An alternative 'Team of the Century' — Part 1

John McFarlane [Senior]   16/10/2018 0comments  |  Jump to last
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At the turn of the century (1999-2000), Radio Merseyside presenter Alan Jackson invited listeners to his 'Football Football Show', to submit the names of players with Merseyside connections to feature in a Team of the Century. I have always believed that it is impossible to compare players of different eras, and so I submitted an eleven who had left their mark on football both on and off the field of play; my Everton nominations were as follows, starting at the back:

Goalkeeper: Ted Sagar (Everton)

Ted Sagar only ever played for one club, Everton, from the moment he signed from the Junior Leagues in March 1929 until his last League appearance in November 1952, a mammoth 463 League appearances later. That total outlived him, surviving until eight years after his death, when it was surpassed by Neville Southall in 1994.

It was during the 1931-32 season that Sagar established himself in the side where he spent the next 11 seasons (although that period spanned 17 years, 6 of which saw football suspended while the Second World War was being fought.

He immediately settled into the team and, in his first season, missed only one game as Everton won the League title in 1931-32. The following season, he was an ever-present as Everton won the FA Cup. "There is no finer goalkeeper in the League today" was the opinion of one newspaper, on the occasion that he was chosen to represent the Football League, in 1934.

The season before war broke out, Everton won the League Championship again, and many observers agreed that the side of 1938-39 was the finest that they had ever seen.

In the 1950-51 season, the 40-year-old Sagar (still first choice) became the last Everton goalkeeper to play in a relegation team – not an honour to be proud of... but something else Neville Southall came close to taking from him in 1994.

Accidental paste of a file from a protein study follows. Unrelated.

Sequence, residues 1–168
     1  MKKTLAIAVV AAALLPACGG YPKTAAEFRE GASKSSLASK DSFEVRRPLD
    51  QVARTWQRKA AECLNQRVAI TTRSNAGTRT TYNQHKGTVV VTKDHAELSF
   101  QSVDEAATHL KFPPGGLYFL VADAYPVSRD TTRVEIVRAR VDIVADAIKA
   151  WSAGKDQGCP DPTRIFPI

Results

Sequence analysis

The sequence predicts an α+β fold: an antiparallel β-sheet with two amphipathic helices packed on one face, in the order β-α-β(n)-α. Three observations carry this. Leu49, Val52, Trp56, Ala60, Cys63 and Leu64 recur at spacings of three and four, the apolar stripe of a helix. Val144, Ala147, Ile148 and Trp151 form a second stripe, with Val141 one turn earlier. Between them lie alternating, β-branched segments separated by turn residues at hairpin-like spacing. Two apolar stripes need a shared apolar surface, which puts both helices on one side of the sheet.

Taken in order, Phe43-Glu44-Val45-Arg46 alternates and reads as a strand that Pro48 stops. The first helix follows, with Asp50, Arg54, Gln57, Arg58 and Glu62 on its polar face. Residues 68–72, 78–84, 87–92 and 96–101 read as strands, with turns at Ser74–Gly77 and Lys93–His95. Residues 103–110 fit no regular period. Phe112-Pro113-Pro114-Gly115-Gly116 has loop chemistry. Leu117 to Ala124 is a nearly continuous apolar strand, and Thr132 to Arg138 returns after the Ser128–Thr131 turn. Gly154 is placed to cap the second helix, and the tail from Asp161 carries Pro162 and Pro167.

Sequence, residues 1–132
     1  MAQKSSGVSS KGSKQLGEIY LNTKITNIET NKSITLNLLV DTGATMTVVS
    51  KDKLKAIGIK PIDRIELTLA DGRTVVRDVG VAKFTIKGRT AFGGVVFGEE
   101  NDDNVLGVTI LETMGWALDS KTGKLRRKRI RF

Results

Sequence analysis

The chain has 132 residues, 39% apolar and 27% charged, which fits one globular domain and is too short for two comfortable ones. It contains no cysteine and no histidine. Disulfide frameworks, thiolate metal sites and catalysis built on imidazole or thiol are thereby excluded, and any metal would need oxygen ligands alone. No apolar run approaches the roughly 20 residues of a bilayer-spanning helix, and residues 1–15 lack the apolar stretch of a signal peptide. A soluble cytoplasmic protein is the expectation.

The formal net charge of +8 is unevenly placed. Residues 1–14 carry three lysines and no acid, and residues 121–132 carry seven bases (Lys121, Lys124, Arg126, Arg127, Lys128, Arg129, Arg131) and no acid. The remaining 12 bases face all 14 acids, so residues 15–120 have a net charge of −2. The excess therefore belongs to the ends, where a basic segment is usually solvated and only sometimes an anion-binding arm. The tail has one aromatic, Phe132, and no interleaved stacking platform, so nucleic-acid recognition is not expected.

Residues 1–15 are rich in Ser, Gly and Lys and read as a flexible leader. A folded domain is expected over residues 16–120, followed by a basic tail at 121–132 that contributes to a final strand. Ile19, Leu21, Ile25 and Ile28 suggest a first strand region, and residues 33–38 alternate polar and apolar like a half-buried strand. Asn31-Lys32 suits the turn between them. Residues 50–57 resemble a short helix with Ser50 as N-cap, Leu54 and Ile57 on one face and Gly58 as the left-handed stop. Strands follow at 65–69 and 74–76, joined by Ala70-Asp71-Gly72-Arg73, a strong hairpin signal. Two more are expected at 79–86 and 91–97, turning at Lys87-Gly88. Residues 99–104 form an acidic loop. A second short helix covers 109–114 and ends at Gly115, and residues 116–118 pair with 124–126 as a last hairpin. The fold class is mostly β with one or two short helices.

Sagar's last League appearance was against Plymouth Argyle in November 1952. Ted Sagar died in October 1986 aged 76, on his death, Everton lost a dedicated servant the like of whom we may never see again.

I chose Ted Sagar because his service of 24 years and 5 weeks as a player with Everton was a record for a player with one club.

Left-Back Ray Wilson (Everton)

The softly spoken boy from Shirebrook who became a World Cup winner, Ray Wilson was highly regarded in the dressing room for his calm demeanour and his refusal to buckle under pressure. Wilson was a visionary whose dependable distribution, and overlapping runs down the left flank, helped make him a Huddersfield Town, and Everton giant.

He made his Huddersfield debut under manager Bill Shankly in 1955 and, within two seasons, he was an established performer. Wilson spent 12 years at Huddersfield, making 266 appearances before joining Everton in 1964; the £40,000 fee was a record for a full-back at the time.

He later admitted fearing that he had waited too long to make the move to the top flight; his fears were unfounded as he went on to be a part of the Everton team that won one of the most dramatic FA Cup Finals, turning a 2-0 deficit to Sheffield Wednesday into a 3-2 victory in 1966. It was to be the first of two successful Wembley Finals for him that summer.

Wilson had been an England regular since 1962, playing all of the team's games in the 1962 Chile World Cup – a feat he would repeat on home soil in 1966, as he was firmly established as Alf Ramsey's first choice left back.

The 1966 World Cup Final didn't start well for Wilson, who headed Siggi Held's cross straight to Helmut Haller who put the ball past England's keeper Gordon Banks, yet Wilson recovered and went on to play a key role as the team rallied to run out 4-2 winners. Ray Wilson was the oldest member of the side at 31, and appeared in one of the enduring post-match images with Bobby Moore being hoisted aloft with the trophy.

Ray Wilson missed out on clinching the First Division title: Everton had won it one year prior to him joining them, and again one year after he left.

After playing for England in the 1968 European Championships, injuries ended his career on Merseyside, and he left for Oldham Athletic in 1969 having played for The Toffees 116 times.

I chose Ray Wilson because his achievement of winning both the FA Cup and World Cup in an 11-week period at Wembley; it is highly unlikely to happen again.




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